I Heart Demerol

REFRAIN: [to the tune of “Wild Thing”]

Dem -er -ol

You make my cramps stall*

You make pain management … grooovy

Oooohhhh, Dem -er -ol

Dem -er -ol, I think I love you.

*I know that Demerol, unlike NSAIDs, doesn’t really stall the cramps. I know that it just interferes with the perception of the horrifically painful cramps, but at a certain point, I don’t really care what is happening biochemically, just that I am not in pain. Besides, it is difficult to rhyme words with Demerol.

D&C #1, Part A (October 2006):

I found out at 10weeks that I had a blighted ovum (i.e. anembryonic pregnancy = no baby but everything else). This was a Monday. On Friday, I was scheduled for a D&C. I came in on Thursday and cried all through pre-registration and the requisite bloodwork, and then came in bright and early on Friday for the procedure. The highlight was definitely the general anesthesia. Awesome stuff, especially the concoction they give you en route to the OR which is filled with sedatives and pain medicine. I woke up. I was no longer pregnant with a sac. I ate a cheeseburger. I went home.

D&C#1, Part B

Nine days later, I start really cramping and bleeding. Bleeding right after a D&C is normal but starting over a week later is not. I had nothing at all right after the D&C, so this was especially dramatic. I was sent to the ER, by which point I was in a considerable amount of pain and the bleeding was getting worse. Not knowing what to do with me, they did a ultrasound to rule out an ectopic and then pumped me full of NSAIDs (no Demerol this time, folks). I felt a little better. The bleeding slowed down. I didn’t have an ectopic. They sent me home.

D&C #1, Part C

Two days later, eleven days after the original D&C, everything really went downhill. What I thought were painful cramps before were nothing compared to what I had now and I was continually bleeding as well as passing golf-ball sized clots. Back to the ER. By the time we reaching the hospital I was really screaming/crying, and they took me right back to a bed this time instead of making me languish in the waiting room. After THE. MOST. PAINFUL. PELVIC. EXAM. EVER. (by a doctor I only remember as “Dr. Bighands”) and another ultra sound, the doctors determined that I must sill have placental tissue in my uterus that was missed in the D&C, Part A. The pain was agonizing and the three doses of morphine did nothing to help (yes, THREE doses of morphine didn’t touch the pain.) The ER doctors decide to call in an OB consult.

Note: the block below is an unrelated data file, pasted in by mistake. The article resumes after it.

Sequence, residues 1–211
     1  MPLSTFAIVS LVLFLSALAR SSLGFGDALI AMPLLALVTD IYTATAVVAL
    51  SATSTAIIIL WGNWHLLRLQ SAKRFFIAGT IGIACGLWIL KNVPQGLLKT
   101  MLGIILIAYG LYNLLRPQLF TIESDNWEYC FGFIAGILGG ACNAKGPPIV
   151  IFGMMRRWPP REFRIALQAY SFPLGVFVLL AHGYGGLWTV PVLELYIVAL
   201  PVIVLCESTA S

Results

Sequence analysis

The OB surgeon, who was a tiny little woman with tiny little hands, told me that Dr. Bighands didn’t do any measurements, except to note that my cervix was dilated (NO! really??), and she would need to repeat the pelvic exam. I think my hysterical crying was her first clue that this was not going to be easy, so she told me she would give me pain medicine and make sure I was “comfortable” before doing the pelvic. She gave me a concoction of Demerol and Zofran (Demerol can cause nausea). (REFRAIN)

I was admitted, put on a Pitocin drip, and left to “expel” whatever was left in my uterus in the privacy of my own hospital bed. I could have pain meds whenever I wanted (REFRAIN) and I was promised that this would be the end of it. Some nurse sent something I had “expelled” to the lab that was identified as placental tissue, so I finished the course of Pitocin (just to be sure), walked around the maternity ward (where they put me) and looked at the happy mothers and their sleeping babies, and then went home.

I was told this was “bad luck” and that it had no bearing on any future pregnancies. Riiiiiiiiiight.

June 6, 2007. Miscarriage #1. Leave a comment.

Little Known Facts

Sour cherry Icees from Burger King, I have found, actually have antiemetic properties. A small costs $.99 and large $1.49.

Zofran, which is also an antiemetic, costs $316.00 for a 30 day supply as a generic fill with insurance coverage.

You can not adopt from China if you are on anti-depressants or if you have taken anti-depressants or seen a therapist in the last two years.